Zipments Closes $2.25 Million Seed Round To Speed Up Same-Day Deliveries

New York based Zipments, a same-day delivery marketplace that connects retailers with couriers, has closed a $2.25 million seed round to further build out its product and expand to new cities. It’s facing increasing competition from consumer-focused San Francisco delivery heavyweights such as TaskRabbit and Postmates, the latter of which recently raised $5 million to muscle into New York.

FirstMark Capital and Huron River Ventures led the seed investment in Zipments, which also included The Windquest Group, New York City Economic Development Corporation, Chicago Ventures, as well as Robert Safrata, CEO of Novex Couriers, one of Canada’s local same-day couriers. Zipments first launched as a web-only service in Grand Rapids, Michigan in May 2011, and months later expanded to New York and Chicago. It later launched smartphone apps for retailers to request a delivery time, destination, and mode of transport (bike, car, or truck); while couriers can use the apps to accept jobs and manage their logistics. Real-time updates are supplied to the customer. Fees start at $10 per delivery and increase based on urgency, weight, and distance.

The injection of funds will be used to scale the product, which aims to empower smaller and individual operators, such as bicycle couriers, to more efficiently service retailers’ delivery needs.

“We believe we can help revitalize and retool the global $20 billion same-day delivery industry,” said Garrick Pohl, CEO and co-founder of Zipments. “Today’s courier companies are running at dial up speed, using outdated, inefficient business tools while trying to service a broadband world. We’ve created an efficient platform for local delivery services to better serve retailers and businesses around the world.”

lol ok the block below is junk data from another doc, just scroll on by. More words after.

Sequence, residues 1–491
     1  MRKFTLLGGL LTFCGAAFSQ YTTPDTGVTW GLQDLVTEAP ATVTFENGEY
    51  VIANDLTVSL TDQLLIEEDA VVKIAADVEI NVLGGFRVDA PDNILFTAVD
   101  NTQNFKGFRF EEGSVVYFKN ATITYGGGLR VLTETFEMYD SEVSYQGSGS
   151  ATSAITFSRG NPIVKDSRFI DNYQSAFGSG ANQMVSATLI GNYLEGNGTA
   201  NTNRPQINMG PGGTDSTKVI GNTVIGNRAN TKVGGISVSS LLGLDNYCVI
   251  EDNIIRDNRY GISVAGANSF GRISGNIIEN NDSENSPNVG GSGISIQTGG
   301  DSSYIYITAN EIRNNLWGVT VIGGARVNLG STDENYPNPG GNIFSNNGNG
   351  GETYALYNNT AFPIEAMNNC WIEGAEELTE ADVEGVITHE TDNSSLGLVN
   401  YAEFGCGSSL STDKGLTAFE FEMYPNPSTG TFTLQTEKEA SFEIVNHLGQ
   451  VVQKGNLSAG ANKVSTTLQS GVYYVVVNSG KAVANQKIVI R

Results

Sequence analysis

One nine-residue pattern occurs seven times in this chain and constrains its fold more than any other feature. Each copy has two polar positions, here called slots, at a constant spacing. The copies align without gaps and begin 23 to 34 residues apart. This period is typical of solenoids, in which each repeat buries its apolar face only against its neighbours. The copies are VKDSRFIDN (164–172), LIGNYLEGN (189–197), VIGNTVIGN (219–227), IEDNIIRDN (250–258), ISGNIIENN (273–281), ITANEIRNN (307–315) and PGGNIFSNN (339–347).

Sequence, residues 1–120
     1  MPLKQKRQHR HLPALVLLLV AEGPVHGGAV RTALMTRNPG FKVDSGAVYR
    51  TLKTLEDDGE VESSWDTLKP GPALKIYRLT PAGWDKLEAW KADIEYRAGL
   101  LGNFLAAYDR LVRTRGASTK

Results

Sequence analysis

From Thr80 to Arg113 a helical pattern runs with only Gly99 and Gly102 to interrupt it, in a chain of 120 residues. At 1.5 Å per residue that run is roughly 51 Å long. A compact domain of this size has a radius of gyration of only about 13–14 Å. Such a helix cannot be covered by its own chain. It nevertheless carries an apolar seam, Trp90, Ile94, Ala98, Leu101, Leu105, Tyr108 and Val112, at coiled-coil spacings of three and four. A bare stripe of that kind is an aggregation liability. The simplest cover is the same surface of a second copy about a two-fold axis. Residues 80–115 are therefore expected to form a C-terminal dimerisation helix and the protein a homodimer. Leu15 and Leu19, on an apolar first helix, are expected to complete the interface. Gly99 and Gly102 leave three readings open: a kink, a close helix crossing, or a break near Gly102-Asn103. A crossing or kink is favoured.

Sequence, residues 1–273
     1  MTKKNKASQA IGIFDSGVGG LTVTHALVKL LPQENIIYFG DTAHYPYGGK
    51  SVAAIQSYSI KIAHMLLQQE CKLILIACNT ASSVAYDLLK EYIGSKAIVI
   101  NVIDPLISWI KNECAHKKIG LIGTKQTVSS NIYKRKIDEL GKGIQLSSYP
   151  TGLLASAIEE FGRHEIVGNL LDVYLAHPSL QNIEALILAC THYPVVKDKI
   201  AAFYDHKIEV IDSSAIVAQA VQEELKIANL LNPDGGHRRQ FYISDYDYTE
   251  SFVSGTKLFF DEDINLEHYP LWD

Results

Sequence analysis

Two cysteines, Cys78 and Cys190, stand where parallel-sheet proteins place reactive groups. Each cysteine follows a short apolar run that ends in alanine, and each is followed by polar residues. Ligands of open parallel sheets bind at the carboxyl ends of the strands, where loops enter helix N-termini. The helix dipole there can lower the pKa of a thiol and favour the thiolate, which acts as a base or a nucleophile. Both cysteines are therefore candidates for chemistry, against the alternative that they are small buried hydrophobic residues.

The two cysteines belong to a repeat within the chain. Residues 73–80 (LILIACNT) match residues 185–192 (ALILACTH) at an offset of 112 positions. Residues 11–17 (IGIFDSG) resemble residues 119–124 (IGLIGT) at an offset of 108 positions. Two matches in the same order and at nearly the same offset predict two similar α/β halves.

Startups are tackling the delivery opportunity from different positions.

Zipments is aiming to modernise an outdated industry rather than creating a new demand for products and services. Zipments has built a platform to allow courier service providers to manage their own deliveries, which is lean compared to the foot soldier model of Postmates and TaskRabbit. However, the latter can generate a greater number of transactions by dealing directly with consumers; in Postmates’s case, its New York app lists products from over 1,000 local restaurants and retailers.

San Francisco’s Postmates has shifted the delivery burden from shops to consumers. It recently launched services in New York, after earlier this year raising $5 million from the Founders Fund and expanding to Seattle. Founded in 2011 with $1.75 million angel funding, Postmates started life as a B2B website but subsequently experienced traction with its consumer-focused Get It Now app — which saved time by allowing couriers to buy goods on behalf of consumers. The dynamic pricing stars at $5, which increases based on time, distance, and location. Couriers have taken to the service, and the urban logistics startup boasts about 200 delivery boys in its home market, and launched in Seattle with about 35 couriers and 50 couriers in New York.

The densely populated city of San Francisco has emerged as a test bed, of sorts, for this service.

Last year, micro-jobs outsourcing marketplace TaskRabbit expanded its iOS-based Deliver Now service to the web, allowing users in the city of San Francisco to demand delivery of anything between the hours of 9am and 7pm. At the time, it flagged an expansion of this to other cities. There are also other logistics services such as Uber, that are eyeing off this space.